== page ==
Wednesday, March 8
Green Bench Mead and Cider Spotlight
Earlier this week, Green Bench Brewing Co. in St. Petersburg took a mid-week break from the suds for this year's Tampa Bay Beer Week to put the craft brewery's young mead and cider program front and center.
The mead and cider branch of Green Bench was launched in 2015, and its first creations were released to the public in January 2016. Since then, the crew has expanded the line in lots of interesting directions, crafting their own takes on lesser-known varieties of cider.
The tap lineup included cyser, a mead made with apples; pyment, a mead made with wine grapes; and perry, a cider made with pears. There were also several beer-inspired ciders, including a hopped cider and a farmhouse cider made with yeast.
Dubbed 'Burgatory and The Darkest Timeline, two special meads were released in limited batches of around 200 bottles, and they went fast. Both feature Florida orange blossom honey. 'Burgatory is caramelized before fermentation and then aged on orange peel, while The Darkest Timeline is fermented on tart fruits.
Other meads were available in pours from bottles or on tap, and some of the names sounded like they came straight from a Bob’s Burgers menu board — like Kumquat What May, a collaboration mead with Cigar City Cider & Mead, and Ow! My Mangos!, a mead with a peppery punch from popular Michigan meadery B. Nektar.
What I tried: Lucid Poet, a Green Bench mead made with orange blossom honey and New-World Chardonnay grapes, is delicious and musty, with orange zest that really shines through. Cranberry cider Bog Standard is tart and on the low end of sweet, a good choice for any sour beer admirer. I finished with a dragon fruit habanero cider, deep red in color with characteristics of a mulled wine.
The ciders were all tasty and interesting, but for me the event lacked the interactive aspect of some of the EDGE District brewery's other gatherings; this came off like just another night at the bar. I would've liked to find out more about the story behind the mead and ciders, which the team at Green Bench obviously put a lot of time, effort and research into creating.
Thursday, March 9
Bring on the Funk! A Celebration of American Wild Ales
Independent Bar and Cafe in Tampa always manages to curate solid sour beer events for Beer Week; sour and farmhouse-style lovers were delighted last year, for instance, with beers from California's Almanac Beer Co. and Cascade Brewing in Oregon. This year’s evening of wild ales was on par, with a visit from Michigan-based Jolly Pumpkin Artisan Ales and Crooked Stave Artisan Beer Project of Colorado.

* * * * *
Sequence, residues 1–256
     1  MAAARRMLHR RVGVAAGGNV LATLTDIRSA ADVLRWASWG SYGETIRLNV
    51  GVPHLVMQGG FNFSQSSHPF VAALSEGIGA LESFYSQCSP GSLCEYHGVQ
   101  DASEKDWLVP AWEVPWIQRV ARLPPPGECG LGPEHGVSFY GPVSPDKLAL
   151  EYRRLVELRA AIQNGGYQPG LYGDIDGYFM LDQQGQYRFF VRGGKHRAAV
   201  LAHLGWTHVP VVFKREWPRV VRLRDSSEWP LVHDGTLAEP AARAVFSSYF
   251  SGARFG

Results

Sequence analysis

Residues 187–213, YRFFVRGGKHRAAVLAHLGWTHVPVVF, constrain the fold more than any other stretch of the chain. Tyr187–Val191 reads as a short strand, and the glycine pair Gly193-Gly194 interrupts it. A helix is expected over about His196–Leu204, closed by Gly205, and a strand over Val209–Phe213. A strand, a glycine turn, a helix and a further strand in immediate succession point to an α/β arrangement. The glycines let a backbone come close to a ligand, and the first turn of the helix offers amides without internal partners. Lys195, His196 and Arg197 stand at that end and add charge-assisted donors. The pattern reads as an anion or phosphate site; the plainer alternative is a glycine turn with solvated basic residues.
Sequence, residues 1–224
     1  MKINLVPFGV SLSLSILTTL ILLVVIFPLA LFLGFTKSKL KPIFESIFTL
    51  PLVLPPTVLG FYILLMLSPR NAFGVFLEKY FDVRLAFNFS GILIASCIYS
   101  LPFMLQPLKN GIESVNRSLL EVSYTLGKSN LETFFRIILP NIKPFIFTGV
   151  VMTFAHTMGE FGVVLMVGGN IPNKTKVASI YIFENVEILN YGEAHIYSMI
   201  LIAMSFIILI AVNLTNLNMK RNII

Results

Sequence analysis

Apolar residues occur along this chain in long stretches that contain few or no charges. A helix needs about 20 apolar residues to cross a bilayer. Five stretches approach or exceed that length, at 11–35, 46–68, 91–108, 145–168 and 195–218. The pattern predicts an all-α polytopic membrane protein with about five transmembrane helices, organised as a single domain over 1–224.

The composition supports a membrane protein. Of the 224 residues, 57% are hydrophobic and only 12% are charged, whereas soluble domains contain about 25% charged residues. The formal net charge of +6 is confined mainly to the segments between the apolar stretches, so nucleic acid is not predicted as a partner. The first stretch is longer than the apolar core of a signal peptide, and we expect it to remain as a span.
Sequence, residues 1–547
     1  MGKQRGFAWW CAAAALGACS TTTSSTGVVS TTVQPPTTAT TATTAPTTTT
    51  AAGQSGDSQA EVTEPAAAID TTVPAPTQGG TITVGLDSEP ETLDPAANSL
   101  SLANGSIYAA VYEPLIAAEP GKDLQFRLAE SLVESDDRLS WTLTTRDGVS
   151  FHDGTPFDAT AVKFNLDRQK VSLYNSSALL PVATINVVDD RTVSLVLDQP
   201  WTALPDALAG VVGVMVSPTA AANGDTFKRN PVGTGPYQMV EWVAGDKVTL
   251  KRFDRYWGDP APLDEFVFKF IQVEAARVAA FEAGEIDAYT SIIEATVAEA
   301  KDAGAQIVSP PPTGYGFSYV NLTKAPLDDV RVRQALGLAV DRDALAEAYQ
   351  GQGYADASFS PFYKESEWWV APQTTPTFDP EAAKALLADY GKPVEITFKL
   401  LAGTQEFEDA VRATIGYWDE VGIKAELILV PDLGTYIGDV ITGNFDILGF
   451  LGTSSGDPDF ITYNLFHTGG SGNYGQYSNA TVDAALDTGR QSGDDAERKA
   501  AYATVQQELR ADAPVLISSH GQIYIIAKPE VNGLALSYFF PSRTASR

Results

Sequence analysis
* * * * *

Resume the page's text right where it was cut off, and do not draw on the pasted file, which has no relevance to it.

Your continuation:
With beer in tow, representatives from both breweries flew in for the Thursday gathering. Jauton Burke-Gupta with Crooked Stave was amazed all the bottles survived the plane flight.
Beers were available on draft and for sampling from the bottle. Crooked Stave’s offerings included blueberry, raspberry, apricot and wild sage sours, and Jolly Pumpkin served up the best of its sour farmhouse ales. Bottle pours from farmhouse and sour aficionados Jester King Brewery out of Texas were also on hand.
Prices for a draft were a little higher than usual at the taproom, ranging from $6 to $12, but it was worth it to try beers not often seen around these parts.
Iain Kyle with Jolly Pumpkin travels about once a month to beer events around the country.
“I love the travel, and meeting people and talking about what makes the beer,” Kyle said.
He explained that Jolly Pumpkin uses the same strain of Belgian yeast for all but one of their beers. It’s really in the open fermentation process that the character of the beer is developed.
Burke-Gupta and Kyle hung out on the patio by a table full of bottles, answering questions and swapping stories with attendees throughout the night.
What I tried: Crooked Stave Petite Sour Blueberry tastes as you'd expect from its name, and was one of the best fruited beers I’ve tried. Jolly Pumpkin Bam Biére is funky, and the weirdly stylized character portraits on the brewery’s bottles are fun to behold.